I was floored. “Understanding this is so intrinsic to understanding who I am, if you don’t understand what’s wrong with this, you don’t understand me!”

I sometimes forget he wasn’t there for my mother’s full descent into schizophrenia. He is so intrinsic to my now, I feel like he’s been part of my every now. History says otherwise: He was there only for the very end, and then mostly from a distance. Read more…

The Sisterhood of the Waves

At 2:35 p.m. on March 4, 2011, I soared over the ocean in a Ferris wheel.

I seldom remember what I was doing any given day, let alone any hour or minute, but this was a moment I needed to spend laughing.

My mom had died one year ago that very minute, and I wanted to make sure I spent that minute’s entirety remembering not how my mom died, but how she lived. We’d laughed together on that Ferris wheel on her one vacation. That very same trip, she’d shouted for me and Jay Leno to get a “chin shot, chin shot!” on account of our mutually sizable chins. Read more…

The During, part 4: Fragments and Shadows

It’s so hard for me to read these particular entries, knowing as I do now how little time I then had left with even fragments and shadows of my mom.

Click here for The During, part 3,
or here for the why of these posts.

November 2, 2006

Yesterday I was stressing. I was stressing about my mom, whose 49th birthday corresponded with my 28th. I was distressed by news her locks had been drilled out and her house emptied. The distress continued straight through the evening, when Rache and I walked through Mom’s bare house, walked the neighborhood in search of her, and talked through some of our worries and guilt. That eased some of the burden on my heart, though I confess my sadness continues and likely will till there is some kind of resolution to this sorry situation.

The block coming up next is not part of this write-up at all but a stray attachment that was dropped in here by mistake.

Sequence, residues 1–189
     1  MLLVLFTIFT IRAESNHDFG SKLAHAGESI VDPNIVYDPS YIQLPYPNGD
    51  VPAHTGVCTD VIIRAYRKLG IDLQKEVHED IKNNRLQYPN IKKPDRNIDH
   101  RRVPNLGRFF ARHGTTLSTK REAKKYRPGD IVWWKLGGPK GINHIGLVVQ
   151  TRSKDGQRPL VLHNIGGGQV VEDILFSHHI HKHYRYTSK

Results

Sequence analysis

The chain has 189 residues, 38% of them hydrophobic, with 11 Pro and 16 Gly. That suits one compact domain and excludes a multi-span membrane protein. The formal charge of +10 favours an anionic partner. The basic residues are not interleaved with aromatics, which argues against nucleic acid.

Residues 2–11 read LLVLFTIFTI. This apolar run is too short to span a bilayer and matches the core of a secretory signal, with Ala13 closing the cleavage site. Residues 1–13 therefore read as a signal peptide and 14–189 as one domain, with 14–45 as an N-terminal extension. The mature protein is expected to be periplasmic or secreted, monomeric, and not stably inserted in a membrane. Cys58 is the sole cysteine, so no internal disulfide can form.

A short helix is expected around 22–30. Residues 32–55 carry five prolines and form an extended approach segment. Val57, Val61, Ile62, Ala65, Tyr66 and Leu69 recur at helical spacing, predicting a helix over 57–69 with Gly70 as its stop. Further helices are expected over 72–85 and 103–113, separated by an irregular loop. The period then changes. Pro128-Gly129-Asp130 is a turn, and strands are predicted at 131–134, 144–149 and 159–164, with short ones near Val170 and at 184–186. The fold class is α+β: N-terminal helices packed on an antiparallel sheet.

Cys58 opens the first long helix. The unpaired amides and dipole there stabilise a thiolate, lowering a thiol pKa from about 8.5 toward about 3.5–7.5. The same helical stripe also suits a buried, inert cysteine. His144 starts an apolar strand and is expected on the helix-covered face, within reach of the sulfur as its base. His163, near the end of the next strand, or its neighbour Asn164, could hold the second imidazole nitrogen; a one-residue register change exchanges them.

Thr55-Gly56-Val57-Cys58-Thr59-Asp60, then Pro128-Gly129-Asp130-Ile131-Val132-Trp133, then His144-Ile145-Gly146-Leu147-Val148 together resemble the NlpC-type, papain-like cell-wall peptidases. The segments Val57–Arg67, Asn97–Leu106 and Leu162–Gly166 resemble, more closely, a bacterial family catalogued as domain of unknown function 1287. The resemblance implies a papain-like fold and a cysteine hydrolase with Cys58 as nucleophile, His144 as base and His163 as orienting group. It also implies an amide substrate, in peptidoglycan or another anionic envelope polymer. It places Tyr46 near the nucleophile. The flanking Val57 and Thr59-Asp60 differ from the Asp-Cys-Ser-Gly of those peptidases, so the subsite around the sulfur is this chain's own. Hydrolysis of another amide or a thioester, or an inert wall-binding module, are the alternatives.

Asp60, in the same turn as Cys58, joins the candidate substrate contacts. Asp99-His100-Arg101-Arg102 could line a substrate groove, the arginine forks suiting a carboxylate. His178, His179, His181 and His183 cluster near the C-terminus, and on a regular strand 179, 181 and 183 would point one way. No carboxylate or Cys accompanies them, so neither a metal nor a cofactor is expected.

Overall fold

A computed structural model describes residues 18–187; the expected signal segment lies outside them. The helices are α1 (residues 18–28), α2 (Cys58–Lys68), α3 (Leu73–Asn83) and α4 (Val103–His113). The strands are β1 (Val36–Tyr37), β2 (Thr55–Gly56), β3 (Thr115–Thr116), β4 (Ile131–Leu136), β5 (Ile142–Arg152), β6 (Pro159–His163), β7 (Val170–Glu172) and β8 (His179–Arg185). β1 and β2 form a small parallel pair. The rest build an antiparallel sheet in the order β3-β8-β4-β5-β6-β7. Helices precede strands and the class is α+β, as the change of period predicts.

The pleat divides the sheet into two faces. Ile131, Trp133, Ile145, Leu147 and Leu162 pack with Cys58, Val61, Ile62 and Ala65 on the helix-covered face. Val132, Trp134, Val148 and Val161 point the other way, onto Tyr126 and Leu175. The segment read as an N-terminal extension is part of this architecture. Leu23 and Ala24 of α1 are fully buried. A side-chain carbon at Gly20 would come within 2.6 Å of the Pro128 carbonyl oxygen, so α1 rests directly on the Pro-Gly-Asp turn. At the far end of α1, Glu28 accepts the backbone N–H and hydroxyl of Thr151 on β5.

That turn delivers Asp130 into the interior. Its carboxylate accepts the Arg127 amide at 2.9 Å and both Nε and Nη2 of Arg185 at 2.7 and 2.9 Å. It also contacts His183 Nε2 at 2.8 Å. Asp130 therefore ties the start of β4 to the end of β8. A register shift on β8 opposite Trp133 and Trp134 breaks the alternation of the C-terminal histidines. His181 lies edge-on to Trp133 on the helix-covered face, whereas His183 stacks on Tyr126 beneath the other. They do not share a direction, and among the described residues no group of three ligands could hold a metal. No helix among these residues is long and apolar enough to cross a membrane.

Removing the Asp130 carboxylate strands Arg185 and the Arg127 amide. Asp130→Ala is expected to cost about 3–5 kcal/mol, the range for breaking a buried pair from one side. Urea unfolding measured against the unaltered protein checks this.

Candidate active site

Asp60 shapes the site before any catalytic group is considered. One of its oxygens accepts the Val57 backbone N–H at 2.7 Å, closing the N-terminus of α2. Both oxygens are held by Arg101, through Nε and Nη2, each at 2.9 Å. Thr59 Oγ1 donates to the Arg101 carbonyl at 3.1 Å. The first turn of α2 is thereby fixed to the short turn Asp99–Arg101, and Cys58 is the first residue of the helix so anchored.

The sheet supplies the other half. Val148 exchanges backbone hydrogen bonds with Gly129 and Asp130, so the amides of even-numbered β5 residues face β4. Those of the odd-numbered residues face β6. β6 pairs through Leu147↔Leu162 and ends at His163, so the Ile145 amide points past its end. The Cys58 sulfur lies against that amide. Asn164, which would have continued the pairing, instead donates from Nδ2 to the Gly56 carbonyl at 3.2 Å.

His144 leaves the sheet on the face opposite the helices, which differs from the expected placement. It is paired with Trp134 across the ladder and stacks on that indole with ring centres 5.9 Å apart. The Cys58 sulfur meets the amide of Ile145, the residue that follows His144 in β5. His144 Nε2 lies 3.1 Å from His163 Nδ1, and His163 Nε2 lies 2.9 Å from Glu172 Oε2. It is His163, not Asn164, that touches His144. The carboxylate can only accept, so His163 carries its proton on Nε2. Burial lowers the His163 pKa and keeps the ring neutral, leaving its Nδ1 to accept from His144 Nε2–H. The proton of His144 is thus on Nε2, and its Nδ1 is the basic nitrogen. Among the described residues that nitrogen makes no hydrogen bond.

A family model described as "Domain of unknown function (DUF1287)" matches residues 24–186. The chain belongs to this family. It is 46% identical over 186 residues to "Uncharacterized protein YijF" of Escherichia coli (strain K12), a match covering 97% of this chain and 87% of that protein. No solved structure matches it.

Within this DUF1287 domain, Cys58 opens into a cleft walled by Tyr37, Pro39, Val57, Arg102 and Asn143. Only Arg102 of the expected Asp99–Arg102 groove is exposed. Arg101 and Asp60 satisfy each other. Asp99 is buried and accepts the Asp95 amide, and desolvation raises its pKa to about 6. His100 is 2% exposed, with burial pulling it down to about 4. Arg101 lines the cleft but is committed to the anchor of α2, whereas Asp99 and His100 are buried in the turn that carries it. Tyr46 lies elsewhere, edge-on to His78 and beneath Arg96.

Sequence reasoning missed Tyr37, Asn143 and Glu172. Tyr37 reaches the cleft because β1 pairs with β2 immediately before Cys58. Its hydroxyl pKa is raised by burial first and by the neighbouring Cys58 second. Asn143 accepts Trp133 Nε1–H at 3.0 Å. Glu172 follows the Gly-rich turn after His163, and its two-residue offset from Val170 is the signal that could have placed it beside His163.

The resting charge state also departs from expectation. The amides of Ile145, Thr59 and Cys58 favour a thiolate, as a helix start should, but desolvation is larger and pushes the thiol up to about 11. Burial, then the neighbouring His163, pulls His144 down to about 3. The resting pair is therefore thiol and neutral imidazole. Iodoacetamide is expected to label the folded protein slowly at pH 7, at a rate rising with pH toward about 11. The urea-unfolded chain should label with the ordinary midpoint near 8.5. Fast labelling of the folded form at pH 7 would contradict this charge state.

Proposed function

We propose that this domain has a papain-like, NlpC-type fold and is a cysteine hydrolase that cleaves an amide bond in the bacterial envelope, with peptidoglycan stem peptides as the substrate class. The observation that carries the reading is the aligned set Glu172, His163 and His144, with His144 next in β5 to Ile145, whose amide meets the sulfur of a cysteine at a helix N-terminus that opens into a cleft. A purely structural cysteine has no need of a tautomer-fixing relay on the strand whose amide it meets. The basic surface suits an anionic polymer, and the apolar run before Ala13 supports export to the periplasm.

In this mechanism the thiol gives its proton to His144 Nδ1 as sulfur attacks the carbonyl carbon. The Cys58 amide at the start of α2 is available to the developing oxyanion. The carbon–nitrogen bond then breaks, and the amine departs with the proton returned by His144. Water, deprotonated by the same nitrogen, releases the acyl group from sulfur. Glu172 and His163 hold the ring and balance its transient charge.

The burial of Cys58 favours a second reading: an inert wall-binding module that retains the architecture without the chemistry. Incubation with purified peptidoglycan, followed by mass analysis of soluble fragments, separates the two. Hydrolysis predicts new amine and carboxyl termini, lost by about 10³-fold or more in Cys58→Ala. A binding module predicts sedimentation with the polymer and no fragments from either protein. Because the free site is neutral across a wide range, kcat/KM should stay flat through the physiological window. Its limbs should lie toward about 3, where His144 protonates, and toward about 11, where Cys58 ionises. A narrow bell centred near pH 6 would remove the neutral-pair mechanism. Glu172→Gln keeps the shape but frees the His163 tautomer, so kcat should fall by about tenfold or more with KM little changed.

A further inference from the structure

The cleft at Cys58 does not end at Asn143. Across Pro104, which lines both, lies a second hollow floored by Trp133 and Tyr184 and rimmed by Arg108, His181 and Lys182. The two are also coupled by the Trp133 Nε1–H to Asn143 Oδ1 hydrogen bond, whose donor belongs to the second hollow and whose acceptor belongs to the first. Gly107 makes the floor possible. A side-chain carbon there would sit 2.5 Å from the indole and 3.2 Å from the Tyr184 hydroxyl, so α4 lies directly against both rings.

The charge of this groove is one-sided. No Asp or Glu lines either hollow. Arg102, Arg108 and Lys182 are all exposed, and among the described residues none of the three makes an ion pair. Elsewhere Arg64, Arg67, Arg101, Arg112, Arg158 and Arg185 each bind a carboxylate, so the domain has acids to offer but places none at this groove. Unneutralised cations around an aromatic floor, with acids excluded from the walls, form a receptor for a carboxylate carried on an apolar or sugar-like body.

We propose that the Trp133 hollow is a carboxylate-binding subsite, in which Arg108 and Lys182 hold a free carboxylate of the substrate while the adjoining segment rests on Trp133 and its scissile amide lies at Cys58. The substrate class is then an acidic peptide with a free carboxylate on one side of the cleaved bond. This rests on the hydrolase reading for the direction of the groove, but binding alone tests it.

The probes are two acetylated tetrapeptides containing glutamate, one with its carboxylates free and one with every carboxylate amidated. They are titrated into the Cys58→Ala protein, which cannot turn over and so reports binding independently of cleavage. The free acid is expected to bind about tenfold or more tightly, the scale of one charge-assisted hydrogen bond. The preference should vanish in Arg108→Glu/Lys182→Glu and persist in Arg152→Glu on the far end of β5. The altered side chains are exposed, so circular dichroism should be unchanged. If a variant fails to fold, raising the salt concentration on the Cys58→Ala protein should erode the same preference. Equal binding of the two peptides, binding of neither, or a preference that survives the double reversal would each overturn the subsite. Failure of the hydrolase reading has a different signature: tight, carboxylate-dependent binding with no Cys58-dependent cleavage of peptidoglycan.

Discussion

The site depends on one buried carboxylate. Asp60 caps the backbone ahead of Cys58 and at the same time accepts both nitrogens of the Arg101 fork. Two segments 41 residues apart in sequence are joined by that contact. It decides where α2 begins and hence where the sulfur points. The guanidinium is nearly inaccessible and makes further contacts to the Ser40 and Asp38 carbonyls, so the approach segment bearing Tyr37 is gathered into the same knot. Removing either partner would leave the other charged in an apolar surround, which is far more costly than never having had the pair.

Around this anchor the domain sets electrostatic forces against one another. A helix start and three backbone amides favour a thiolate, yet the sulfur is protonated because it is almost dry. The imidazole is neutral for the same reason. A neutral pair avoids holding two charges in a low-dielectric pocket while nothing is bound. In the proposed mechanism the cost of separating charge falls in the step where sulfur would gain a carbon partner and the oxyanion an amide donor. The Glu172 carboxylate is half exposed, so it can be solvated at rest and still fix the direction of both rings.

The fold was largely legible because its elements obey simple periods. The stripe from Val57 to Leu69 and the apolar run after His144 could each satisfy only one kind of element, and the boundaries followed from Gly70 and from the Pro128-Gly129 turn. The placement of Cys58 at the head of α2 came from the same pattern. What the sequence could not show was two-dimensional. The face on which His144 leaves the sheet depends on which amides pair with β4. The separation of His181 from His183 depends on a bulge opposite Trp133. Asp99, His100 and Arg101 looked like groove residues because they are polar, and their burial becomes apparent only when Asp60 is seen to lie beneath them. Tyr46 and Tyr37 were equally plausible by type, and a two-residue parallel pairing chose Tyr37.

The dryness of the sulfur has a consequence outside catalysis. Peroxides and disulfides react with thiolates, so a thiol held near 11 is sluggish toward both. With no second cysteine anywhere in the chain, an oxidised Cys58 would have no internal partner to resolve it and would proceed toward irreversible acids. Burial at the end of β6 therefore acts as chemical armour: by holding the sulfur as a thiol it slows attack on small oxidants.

Newly 28, with none od the sadness showing

Newly 28, with none of the sadness showing

November 3, 2006

Is it okay to fill out a missing person report when the person who’s missing maybe just doesn’t want to be found by you? Read more…

The During, part 3: Treatment beyond Our Consent

Over and over and over again while my siblings and I struggled to get help for our mom, we were chastised for letting her go unhelped. It was the damndest thing.

People usually offered the admonishment gently, but one neighbor put it more bluntly when I ran into her at a garage sale. “It’s a shame you kids aren’t doing more for your mom!” she told me, scowling.

“You have no idea what we are or aren’t doing for her,” I replied curtly before walking away. My youngest sister, recalling this exchange a few days ago, said she was surprised I didn’t punch this neighbor in the face. I was, too.

She had no idea. But then again, it wasn’t so long before that I, too, had been clueless.

Click here for The During, part 2,
or here for the why of this all.

March 19, 2004

Last night was a night of missing.

I missed my mom most of all. I wanted to call her just to talk, to hear her voice, the one that used to make me laugh and feel all the things the world could be: wounded and beautiful, kind and angry, soft and harsh all at once. This was a voice that taught me wisdom, to really look at the world and try seeing it for what it is. I wished so much I could pick up the phone and call, but… even if I did, she probably wouldn’t answer. If she did answer, the voice would not have been the same that could have such soothing power when I was sick or hurting in younger days. Instead it’s a frantic, manic voice, bringing words that bear no relation to anything I’ve just said. She doesn’t listen, doesn’t know how, just speaks of conspiracies against her. I also told her how I felt, told her I can’t communicate with her till she seeks treatment, and I guess I have to be firm even on those nights where I want nothing more than my big, strong mommy to hold me and make the world be okay. Read more…